The NewStandard ceased publishing on April 27, 2007.

Lawsuit seeks to expose federal ties to anti-abortion centers

by Michelle Chen

Nov. 2, 2006 – A Washington watchdog is looking into connections between federal funding and organizations that aim to discourage abortions by giving women misleading advice.

Citizens for Responsibility and Ethics in Washington (CREW) is going to court to force the US government to disclose its funding policy toward "pregnancy resource centers."

Backed by the White House and religious groups, pregnancy resource centers are local organizations that purport to provide women with family-planning advice. Evidence has emerged that some of the centers have been giving false and misleading information about the health risks of abortions. The White House and the US Department of Health and Human Services (HHS) fund many of the centers.

CREW filed the complaint with the Washington, DC federal district court last week after the HHS failed to respond to an August Freedom of Information Act request for a range of government documents on the centers. The group seeks disclosure of the criteria for funding the centers, information on efforts to separate religion from other activity, and communications by the HHS concerning the accuracy of the advice that the centers provided.

CREW’s complaint cited a US House of Representatives Special Investigation Division report that came out in July. As previously reported by The NewStandard, investigators made test calls to 23 pregnancy resource centers funded by the White House-managed Compassion Capital Fund. Most of the inquiries led to medically dubious advice. Some center personnel suggested, contrary to scientific evidence, that abortion would lead to increased risk of suicide, cancer and psychological trauma.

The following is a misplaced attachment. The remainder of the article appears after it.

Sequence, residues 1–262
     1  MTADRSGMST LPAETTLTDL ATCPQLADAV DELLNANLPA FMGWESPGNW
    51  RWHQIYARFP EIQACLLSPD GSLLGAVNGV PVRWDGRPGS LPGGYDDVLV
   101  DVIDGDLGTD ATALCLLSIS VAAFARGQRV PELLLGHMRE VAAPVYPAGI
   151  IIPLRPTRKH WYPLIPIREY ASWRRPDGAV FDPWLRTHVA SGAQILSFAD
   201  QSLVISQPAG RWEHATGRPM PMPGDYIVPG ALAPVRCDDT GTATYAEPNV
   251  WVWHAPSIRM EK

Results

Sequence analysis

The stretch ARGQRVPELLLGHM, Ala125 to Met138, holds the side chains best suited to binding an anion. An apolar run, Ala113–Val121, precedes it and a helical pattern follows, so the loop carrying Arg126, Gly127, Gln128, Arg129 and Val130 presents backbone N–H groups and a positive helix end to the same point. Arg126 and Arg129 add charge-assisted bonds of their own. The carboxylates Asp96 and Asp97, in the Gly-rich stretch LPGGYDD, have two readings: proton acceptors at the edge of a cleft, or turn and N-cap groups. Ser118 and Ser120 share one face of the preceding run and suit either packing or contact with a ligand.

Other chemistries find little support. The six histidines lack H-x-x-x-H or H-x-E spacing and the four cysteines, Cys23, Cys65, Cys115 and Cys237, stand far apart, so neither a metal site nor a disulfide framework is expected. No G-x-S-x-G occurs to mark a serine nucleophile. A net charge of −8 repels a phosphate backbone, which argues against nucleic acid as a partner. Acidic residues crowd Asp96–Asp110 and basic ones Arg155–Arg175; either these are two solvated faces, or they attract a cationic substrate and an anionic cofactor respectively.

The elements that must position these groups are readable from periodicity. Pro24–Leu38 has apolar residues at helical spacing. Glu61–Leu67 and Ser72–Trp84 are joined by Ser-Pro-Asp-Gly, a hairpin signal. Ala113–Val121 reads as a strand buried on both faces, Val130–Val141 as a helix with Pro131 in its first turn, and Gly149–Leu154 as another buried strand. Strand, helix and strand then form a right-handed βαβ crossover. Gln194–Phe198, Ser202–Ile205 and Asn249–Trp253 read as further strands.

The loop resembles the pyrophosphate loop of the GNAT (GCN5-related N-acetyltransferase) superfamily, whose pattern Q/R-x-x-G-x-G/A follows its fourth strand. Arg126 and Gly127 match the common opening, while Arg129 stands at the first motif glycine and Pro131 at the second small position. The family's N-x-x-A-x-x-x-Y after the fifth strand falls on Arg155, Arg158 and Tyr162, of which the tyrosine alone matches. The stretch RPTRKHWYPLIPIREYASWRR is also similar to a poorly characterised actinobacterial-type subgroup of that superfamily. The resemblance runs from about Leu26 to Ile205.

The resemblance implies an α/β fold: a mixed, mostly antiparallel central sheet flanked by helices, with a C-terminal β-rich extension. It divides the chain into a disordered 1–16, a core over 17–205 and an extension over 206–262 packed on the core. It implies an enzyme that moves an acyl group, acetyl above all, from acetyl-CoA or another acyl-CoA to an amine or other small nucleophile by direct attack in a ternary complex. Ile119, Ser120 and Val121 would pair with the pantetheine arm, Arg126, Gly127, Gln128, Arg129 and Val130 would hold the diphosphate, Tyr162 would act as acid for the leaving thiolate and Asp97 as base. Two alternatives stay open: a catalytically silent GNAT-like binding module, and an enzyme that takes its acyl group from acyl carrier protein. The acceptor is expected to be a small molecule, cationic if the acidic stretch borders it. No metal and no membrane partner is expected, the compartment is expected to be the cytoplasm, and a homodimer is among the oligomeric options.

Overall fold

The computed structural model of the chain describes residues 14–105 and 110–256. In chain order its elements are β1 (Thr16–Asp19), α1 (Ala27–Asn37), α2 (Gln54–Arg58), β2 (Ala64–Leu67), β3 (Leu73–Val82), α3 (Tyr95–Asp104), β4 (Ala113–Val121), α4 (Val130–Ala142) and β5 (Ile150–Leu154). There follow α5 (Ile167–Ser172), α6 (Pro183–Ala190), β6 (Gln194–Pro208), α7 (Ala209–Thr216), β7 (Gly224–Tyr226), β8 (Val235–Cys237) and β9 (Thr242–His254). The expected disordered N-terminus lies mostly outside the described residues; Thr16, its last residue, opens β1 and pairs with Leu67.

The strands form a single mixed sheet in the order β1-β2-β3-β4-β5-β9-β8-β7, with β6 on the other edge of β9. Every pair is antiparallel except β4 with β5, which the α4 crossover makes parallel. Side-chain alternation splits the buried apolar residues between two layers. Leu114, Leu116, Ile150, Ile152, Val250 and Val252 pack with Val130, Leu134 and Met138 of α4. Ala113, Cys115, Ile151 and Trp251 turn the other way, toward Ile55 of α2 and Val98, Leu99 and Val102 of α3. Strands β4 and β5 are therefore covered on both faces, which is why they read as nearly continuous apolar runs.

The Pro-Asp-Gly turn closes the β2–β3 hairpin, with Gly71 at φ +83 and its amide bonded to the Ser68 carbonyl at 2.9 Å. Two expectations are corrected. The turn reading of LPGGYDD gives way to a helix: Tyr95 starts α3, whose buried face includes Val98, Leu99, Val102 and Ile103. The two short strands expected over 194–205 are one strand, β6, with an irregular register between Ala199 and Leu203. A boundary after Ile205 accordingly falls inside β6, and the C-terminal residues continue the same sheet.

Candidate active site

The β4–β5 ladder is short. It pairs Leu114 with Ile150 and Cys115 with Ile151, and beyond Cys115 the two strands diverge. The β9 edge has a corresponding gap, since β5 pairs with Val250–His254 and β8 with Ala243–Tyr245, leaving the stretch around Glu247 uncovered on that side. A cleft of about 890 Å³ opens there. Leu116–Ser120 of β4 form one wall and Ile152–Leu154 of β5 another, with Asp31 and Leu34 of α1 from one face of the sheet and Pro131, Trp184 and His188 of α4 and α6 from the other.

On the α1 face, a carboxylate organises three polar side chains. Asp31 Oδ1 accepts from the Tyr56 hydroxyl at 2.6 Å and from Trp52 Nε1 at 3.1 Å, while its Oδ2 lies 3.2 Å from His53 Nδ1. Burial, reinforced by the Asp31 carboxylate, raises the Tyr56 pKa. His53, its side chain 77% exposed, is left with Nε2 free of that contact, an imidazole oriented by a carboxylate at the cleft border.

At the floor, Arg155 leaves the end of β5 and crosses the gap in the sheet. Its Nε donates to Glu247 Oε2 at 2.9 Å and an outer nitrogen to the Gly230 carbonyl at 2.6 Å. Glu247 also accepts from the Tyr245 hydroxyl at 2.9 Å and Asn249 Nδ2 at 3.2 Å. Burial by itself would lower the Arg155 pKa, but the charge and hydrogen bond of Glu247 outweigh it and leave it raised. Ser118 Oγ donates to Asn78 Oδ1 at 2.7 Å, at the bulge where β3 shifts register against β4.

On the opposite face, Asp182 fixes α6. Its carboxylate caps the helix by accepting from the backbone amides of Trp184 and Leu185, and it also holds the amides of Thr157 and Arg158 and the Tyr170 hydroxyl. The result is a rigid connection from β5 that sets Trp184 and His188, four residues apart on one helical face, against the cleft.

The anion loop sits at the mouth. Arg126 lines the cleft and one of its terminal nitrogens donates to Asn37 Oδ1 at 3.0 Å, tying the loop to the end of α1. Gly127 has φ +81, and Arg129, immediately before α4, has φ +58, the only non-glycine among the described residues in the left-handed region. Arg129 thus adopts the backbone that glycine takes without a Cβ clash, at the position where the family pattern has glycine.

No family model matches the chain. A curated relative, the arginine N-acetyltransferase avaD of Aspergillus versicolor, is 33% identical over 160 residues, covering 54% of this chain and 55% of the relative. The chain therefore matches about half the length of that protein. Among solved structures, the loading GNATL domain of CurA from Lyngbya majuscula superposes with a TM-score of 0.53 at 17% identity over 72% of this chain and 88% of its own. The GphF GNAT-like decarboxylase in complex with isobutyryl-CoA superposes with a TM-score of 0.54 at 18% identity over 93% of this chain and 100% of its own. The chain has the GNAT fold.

According to the congressional report, pregnancy resource centers have absorbed at least $30 million in federal grants since 2001, mostly through initiatives for abstinence education. Various White House and congressional earmarks have provided additional funds.

The congressional investigation found links between the centers and ideologically driven Christian organizations. Along with other faith-based charities, the centers are part of the White House’s campaign to enhance the role of religious groups in the social-service sector.

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The NewStandard ceased publishing on April 27, 2007.


Michelle Chen is a staff journalist.

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